Philosophy Students' GRE Scores (Defending Philosophy 3)

Philosophy Students' GRE Scores (Defending Philosophy 3) November 9, 2011

In order to take a step towards vindicating the practical value of concentrating on philosophy as an undergraduate student, below are charts on GRE scores, sorted by the subjects students are expecting to study in graduate school (their “Intended Graduate Major”)*. They demonstrate, through quantitative means, that philosophy really does enhance critical thinking and communication skills—or, at least, that legitimately good thinkers are often drawn to philosophy as undergraduates.

gre1

gre2

gre3

Thanks to Kylie, who led me to Stephen Law who led me to Razib Khan, who graphed the raw data which can be found here.

Your Thoughts?

*Corrected from my inaccurate original interpretation that the scores represented the students’ undergraduate majors.

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  • Vivian Li

    In agreement with SAWells, these data do not prove causation at all. It could very well be the case that those students who are exemplary in verbal and logical reasoning self-select into undergraduate Philosophy programs. In fact, it could even be the case that undergrad Philosophy programs make these bright students “dumber” than what they could have been had they majored in, say, a hard science. We cannot extrapolate causation from correlation. And no, evidence of such correlation is certainly not a “step” towards proving anything at all; the correlation is certainly enlightening, but in no way does this imply anything about the supposed “benefits” of choosing to major in undergraduate Philosophy.

    Another issue I have is that “intended graduate majors” can attract students from a wide array of undergraduate disciplines — not necessarily from the same one — and this is especially the case in the Humanities where it is relatively easier to jump from one discipline to another without too much bridging of background information required. How can we be sure that a good portion of the GRE scores for intended Philosophy graduate programs aren’t from undergraduate English or History students, for instance?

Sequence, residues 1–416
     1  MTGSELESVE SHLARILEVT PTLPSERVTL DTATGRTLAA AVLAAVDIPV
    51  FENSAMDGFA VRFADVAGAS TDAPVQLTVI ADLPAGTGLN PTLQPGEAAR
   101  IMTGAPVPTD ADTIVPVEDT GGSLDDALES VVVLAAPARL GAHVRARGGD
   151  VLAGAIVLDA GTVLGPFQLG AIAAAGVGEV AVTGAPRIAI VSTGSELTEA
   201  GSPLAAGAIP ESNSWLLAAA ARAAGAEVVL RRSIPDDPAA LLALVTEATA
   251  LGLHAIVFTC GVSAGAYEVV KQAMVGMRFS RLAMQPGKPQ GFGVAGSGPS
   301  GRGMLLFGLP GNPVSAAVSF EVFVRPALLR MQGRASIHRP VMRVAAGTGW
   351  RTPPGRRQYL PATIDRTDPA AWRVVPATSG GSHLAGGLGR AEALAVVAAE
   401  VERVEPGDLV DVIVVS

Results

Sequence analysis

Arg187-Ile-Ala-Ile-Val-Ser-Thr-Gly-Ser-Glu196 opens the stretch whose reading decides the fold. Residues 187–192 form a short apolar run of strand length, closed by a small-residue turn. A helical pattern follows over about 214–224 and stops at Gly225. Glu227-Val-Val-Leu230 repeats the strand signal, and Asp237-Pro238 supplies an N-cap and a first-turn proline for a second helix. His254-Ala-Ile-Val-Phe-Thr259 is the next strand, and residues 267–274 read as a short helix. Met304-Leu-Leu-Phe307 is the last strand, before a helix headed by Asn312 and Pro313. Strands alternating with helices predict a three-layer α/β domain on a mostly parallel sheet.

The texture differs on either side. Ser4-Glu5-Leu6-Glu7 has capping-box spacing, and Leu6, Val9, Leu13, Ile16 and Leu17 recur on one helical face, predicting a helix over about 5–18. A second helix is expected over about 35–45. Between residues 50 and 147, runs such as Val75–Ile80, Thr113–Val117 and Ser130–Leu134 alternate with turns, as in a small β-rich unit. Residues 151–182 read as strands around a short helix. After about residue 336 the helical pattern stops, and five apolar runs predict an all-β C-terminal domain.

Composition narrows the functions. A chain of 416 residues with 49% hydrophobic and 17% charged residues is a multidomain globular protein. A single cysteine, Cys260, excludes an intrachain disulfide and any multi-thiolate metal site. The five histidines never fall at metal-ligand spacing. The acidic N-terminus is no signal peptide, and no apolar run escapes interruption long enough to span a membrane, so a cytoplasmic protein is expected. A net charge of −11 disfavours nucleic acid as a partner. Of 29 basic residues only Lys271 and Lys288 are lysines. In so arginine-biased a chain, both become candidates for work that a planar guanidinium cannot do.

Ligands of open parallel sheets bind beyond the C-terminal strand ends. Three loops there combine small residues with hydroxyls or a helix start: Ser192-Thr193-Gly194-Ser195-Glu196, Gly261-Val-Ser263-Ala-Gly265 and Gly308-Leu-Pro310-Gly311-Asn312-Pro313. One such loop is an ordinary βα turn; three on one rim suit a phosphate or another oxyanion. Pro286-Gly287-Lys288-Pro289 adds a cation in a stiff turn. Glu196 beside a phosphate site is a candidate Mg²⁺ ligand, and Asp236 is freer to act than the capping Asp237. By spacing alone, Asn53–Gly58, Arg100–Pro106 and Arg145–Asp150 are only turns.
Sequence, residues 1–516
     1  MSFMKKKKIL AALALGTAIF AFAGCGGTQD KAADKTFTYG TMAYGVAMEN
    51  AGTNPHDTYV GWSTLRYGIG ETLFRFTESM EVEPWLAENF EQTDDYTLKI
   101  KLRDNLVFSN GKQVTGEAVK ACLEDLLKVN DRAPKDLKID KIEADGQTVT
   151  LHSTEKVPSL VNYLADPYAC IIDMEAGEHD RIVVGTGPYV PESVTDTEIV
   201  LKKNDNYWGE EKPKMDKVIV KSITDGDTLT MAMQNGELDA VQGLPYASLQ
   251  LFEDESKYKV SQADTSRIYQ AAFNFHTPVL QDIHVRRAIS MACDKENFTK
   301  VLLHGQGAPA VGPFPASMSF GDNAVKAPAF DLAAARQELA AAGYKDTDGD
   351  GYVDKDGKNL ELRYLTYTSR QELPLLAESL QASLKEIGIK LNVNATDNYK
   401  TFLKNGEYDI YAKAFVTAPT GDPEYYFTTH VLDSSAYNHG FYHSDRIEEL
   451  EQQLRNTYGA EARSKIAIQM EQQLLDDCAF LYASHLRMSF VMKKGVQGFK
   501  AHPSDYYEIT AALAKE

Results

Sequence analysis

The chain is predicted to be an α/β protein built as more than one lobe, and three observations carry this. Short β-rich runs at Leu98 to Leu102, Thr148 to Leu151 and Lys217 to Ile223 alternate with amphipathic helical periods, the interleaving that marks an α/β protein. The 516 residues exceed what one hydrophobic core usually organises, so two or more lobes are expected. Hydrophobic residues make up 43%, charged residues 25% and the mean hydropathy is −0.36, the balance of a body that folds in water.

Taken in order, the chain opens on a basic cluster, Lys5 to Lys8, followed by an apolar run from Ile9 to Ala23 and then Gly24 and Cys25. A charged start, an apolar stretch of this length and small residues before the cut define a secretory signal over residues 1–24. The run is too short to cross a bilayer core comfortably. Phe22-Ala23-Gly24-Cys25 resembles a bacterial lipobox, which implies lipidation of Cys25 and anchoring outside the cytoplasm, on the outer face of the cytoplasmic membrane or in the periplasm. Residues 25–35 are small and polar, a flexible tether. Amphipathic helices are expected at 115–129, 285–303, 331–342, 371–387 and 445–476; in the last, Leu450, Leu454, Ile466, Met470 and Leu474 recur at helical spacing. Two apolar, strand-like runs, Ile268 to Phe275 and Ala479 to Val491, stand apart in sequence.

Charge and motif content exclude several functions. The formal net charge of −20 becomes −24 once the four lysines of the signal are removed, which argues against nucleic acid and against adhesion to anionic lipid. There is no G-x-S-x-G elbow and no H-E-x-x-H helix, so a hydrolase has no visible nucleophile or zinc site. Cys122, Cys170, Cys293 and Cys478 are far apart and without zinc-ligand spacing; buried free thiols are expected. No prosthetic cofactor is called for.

• Vivian Li

    In agreement with SAWells, these data do not prove causation at all. It could very well be the case that those students who are exemplary in verbal and logical reasoning self-select into undergraduate Philosophy programs. In fact, it could even be the case that undergrad Philosophy programs make these bright students “dumber” than what they could have been had they majored in, say, a hard science. We cannot extrapolate causation from correlation. And no, evidence of such correlation is certainly not a “step” towards proving anything at all; the correlation is certainly enlightening, but in no way does this imply anything about the supposed “benefits” of choosing to major in undergraduate Philosophy.

    Another issue I have is that “intended graduate majors” can attract students from a wide array of undergraduate disciplines — not necessarily from the same one — and this is especially the case in the Humanities where it is relatively easier to jump from one discipline to another without too much bridging of background information required. How can we be sure that a good portion of the GRE scores for intended Philosophy graduate programs aren’t from undergraduate English or History students, for instance?